Casino restyles "independent" cafeteria chain

French supermarket chain Casino has launched its first restyled “A la bonne heure” restaurant in Avignon; the start of a five year plan to give all 130 cafeterias a makeover.

 

The right time for some food

It is remarkable that Casino removes its own name from the “A la bonne heure” (At the right time) restaurants, but this is “because apparently 'Casino' makes people think of supermarkets – not of restaurants”, according to CEO Hervé Percherel, who would neither confirm nor deny that this name change is a first move towards a possible sale of the restaurants.

Casino aims at two separate groups in its new formula: those are looking for fast food and those looking for a bit more time to eat and drink. The two sides will be clearly distinct through use of colour and interior.

 

Reducing the surface, not expanding the prices

Because of the use of relatively expensive materials, Casino has chosen to reduce the available floor space from 900 to 600 m²; the rest will be rented out to compensate for the restyling cost of a million euro. This concept will also be used in other large cafeteria. The added luxury will not be added to the bill: “Customers who eat in the restaurant, will pay around 10 euro”, says Pecherel, “whereas customers who opt for take away, will pay only 4,5 euro.”


French supermarket chain Casino has launched its first restyled “A la bonne heure” restaurant in Avignon; the start of a five year plan to give all 130 cafeterias a makeover.

 

The right time for some food

It is remarkable that Casino removes its own name from the “A la bonne heure” (At the right time) restaurants, but this is “because apparently 'Casino' makes people think of supermarkets – not of restaurants”, according to CEO Hervé Percherel, who would neither confirm nor deny that this name change is a first move towards a possible sale of the restaurants.

Casino aims at two separate groups in its new formula: those are looking for fast food and those looking for a bit more time to eat and drink. The two sides will be clearly distinct through use of colour and interior.

 

Reducing the surface, not expanding the prices

Because of the use of relatively expensive materials, Casino has chosen to reduce the available floor space from 900 to 600 m²; the rest will be rented out to compensate for the restyling cost of a million euro. This concept will also be used in other large cafeteria. The added luxury will not be added to the bill: “Customers who eat in the restaurant, will pay around 10 euro”, says Pecherel, “whereas customers who opt for take away, will pay only 4,5 euro.”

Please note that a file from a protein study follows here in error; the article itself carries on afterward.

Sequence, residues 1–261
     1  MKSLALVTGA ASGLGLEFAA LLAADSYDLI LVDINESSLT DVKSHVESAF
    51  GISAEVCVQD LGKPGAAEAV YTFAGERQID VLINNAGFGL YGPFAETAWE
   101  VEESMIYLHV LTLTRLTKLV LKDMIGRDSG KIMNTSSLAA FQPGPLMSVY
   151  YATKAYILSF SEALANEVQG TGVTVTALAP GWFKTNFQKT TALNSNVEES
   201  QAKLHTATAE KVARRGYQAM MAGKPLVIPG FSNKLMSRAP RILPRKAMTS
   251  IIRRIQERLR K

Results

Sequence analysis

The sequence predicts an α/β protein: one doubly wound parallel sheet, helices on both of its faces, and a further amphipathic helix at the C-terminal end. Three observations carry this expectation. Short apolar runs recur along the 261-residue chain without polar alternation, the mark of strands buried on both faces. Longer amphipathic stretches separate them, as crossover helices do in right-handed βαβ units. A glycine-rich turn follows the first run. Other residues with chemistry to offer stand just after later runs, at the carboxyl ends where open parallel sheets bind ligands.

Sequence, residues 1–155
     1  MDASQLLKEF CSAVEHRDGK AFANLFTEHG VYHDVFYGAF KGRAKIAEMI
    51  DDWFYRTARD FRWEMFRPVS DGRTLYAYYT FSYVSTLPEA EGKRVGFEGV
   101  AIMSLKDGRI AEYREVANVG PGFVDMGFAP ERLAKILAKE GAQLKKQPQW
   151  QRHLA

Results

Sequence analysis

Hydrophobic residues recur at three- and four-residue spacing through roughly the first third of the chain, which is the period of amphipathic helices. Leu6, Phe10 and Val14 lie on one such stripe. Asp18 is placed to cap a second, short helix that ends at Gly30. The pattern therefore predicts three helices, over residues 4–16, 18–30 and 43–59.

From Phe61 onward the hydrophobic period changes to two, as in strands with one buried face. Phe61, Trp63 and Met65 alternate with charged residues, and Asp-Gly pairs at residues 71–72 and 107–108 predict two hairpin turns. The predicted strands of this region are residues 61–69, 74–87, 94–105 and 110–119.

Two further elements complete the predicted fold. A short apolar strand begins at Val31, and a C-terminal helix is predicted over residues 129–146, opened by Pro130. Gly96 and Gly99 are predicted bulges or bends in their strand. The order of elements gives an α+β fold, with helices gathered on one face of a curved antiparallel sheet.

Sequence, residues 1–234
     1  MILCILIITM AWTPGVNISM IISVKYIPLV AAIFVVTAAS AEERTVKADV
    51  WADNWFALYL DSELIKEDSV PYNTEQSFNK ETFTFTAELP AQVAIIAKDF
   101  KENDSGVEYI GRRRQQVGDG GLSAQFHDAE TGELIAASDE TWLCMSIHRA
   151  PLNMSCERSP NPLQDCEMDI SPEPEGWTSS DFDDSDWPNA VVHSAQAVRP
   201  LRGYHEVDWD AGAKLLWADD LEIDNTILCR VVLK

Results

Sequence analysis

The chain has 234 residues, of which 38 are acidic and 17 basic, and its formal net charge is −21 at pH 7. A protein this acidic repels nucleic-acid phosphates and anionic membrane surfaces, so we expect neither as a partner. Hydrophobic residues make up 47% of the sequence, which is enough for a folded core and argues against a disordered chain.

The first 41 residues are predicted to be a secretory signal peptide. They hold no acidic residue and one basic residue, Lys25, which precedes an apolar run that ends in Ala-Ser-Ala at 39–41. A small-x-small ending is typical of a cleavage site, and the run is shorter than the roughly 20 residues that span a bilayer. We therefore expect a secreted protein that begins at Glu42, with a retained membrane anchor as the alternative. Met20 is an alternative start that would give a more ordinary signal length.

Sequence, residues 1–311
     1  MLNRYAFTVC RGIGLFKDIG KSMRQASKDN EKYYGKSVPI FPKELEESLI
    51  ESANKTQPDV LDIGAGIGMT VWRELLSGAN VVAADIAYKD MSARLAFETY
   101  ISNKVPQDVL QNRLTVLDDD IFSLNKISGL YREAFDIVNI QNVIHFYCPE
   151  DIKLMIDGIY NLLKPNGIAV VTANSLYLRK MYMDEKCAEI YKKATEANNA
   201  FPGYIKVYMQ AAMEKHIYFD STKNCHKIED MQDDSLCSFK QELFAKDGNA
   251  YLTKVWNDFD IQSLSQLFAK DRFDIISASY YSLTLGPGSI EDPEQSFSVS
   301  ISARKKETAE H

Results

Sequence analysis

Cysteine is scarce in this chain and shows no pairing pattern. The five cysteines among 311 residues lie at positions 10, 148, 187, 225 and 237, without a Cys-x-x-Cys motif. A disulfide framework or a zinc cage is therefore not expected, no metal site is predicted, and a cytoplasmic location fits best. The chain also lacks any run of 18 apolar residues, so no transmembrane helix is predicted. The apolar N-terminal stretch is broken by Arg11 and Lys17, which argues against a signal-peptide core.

Questions or comments? Please feel free to contact the editors


EU and Japan agree in principle on trade deal

20/07/2017

(content provided by EuroCommerce) After more than four years of negotiation, the EU and Japan have reached a political agreement in principle on an Economic Partnership Agreement during Japanese Prime Minister Abe’s visit to Brussels. 

Register for the RetailDetail Day 2017 now

20/07/2017

Starting today, you can register for the annual RetailDetail Day, in Mechelen on 21 September. The widely varied program will bring together reputable retailers and digital innovators.

Ensuring your packaging is not past its prime

18/07/2017

By the end of 2017, almost a quarter of everyone on the planet will be over the age of 50. This represents a huge opportunity for retailers but they must be wise, particularly in regard to their packaging choices, if they want to engage this demographic.

Over 100 exhibitors at Shoptalk Europe

18/07/2017

(advertorial) Shoptalk Europe is the big, new event for retail and ecommerce innovation. It covers the transformational trends, technologies and business models reshaping how consumers discover, shop and buy in an age of digital disruption. 

European consumer remains upbeat

18/07/2017

Research firm GfK’s recent study shows that the European consumer trust keeps growing, but there are vast differences depending on the country.

Reckitt Benckiser evades taxes through the Netherlands

13/07/2017

British Reckitt Benckiser, which owns brands like Durex, Calgon and Nurofen, has evaded hundreds of millions of euros in taxes through the Netherlands according to Oxfam Novib after it studies the company’s financial results.

Back to top